The package arrives days after California suffered one of the highest temperatures recorded on earth, the latest of a series of heatwaves that has hit Russia, Northern Europe and Canada.
As climate change makes itself felt from the typhoon-swept tropics to the blowtorched bushlands of Australia, Brussels proposed a dozen policies to target most big sources of the fossil fuel emissions that trigger it, including power plants, factories, cars, planes and heating systems in buildings.
The EU has so far cut emissions by 24% from 1990 levels, but many of the most obvious steps, such as reducing reliance on coal to generate power, have been taken already.
The next decade will require bigger adjustments, with a long-term eye on 2050, seen by scientists as a deadline for the world to reach net zero carbon emissions or risk climate change becoming catastrophic.
The measures follow a core principle: to make polluting more expensive and green options more attractive to the EU's 25 million businesses and nearly half a billion people.
PLANES, SHIPS AND AUTOMOBILES
Under the proposals, tighter emission limits will make it impossible to sell petrol and diesel car sales in the EU by 2035.
To help would-be buyers who fear that affordable electric cars have too short a range, Brussels proposed that states install public charging points no more than 60 km (37 miles) apart on major roads by 2025.
An overhaul of the EU Emissions Trading System (ETS), the biggest carbon market in the world, will force factories, power plants and airlines to pay more to emit CO2. Shipowners will also be required to pay for their pollution for the first time.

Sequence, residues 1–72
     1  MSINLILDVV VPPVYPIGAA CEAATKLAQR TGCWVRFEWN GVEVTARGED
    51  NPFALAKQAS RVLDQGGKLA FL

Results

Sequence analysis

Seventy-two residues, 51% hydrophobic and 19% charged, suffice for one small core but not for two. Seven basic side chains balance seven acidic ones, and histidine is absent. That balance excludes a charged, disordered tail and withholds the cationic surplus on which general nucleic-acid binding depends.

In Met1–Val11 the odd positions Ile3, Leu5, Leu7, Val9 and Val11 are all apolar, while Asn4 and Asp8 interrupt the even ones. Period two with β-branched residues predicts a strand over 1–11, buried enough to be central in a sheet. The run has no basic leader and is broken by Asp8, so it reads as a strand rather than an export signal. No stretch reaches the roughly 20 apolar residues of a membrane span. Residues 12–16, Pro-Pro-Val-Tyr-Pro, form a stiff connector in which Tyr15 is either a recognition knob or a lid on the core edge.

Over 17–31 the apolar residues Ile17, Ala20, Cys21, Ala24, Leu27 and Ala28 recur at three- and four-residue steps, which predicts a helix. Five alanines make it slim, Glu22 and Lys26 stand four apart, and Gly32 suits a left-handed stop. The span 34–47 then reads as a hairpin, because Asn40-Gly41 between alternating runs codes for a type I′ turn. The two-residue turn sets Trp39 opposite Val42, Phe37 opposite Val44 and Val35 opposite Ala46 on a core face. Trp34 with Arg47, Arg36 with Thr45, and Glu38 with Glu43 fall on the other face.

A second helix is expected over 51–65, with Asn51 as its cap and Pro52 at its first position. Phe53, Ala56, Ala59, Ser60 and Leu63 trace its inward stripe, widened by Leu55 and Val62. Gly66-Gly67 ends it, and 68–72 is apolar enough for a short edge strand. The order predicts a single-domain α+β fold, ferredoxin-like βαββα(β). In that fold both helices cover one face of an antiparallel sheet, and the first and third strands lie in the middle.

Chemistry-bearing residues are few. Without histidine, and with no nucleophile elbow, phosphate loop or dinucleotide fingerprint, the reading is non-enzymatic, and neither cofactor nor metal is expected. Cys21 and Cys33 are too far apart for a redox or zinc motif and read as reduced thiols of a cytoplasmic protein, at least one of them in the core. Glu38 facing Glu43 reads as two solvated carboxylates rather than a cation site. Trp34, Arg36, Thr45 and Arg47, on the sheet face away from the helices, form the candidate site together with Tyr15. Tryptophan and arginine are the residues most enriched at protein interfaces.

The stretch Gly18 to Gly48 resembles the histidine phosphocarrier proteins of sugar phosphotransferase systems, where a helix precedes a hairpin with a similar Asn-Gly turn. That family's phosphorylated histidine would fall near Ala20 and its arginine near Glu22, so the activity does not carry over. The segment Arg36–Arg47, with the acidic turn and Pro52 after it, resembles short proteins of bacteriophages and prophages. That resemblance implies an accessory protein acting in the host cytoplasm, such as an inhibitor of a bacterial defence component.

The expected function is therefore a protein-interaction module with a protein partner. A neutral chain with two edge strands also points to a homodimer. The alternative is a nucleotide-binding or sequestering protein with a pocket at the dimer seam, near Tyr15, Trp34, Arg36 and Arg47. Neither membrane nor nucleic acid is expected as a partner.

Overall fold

A new EU carbon market will impose CO2 costs on the transport and construction sectors and on heating buildings.
Not everyone will be satisfied with a proposal to use some of the income from carbon permits to cushion the inevitable rise in low-income households' fuel bills - especially as countries will face tighter national targets to cut emissions in those sectors.
The Commission also wants to impose the world's first carbon border tariff, to ensure that foreign manufacturers do not have a competitive advantage over firms in the EU that are required to pay for the CO2 they have produced in making carbon-intensive goods such as cement or fertiliser.
Meanwhile, a tax overhaul will impose an EU-wide tax on polluting aviation fuels.
EU member states will also have to build up forests and grasslands - the reservoirs that keep carbon dioxide out of the atmosphere.
For some EU countries, the package is a chance to confirm the EU's global leadership in fighting climate change, and to be at the forefront of those developing the technologies needed.
But the plans have exposed familiar rifts. Poorer member states are wary of anything that will raise costs for the consumer, while regions that depend on coal-fired power plants and mines want guarantees of more support for a transformation that will cause dislocation and require mass retraining.
(Reporting by Kate Abnett, Foo Yun-Chee and Reuters bureaux across the EU; Editing by Kevin Liffey and Barbara Lewis)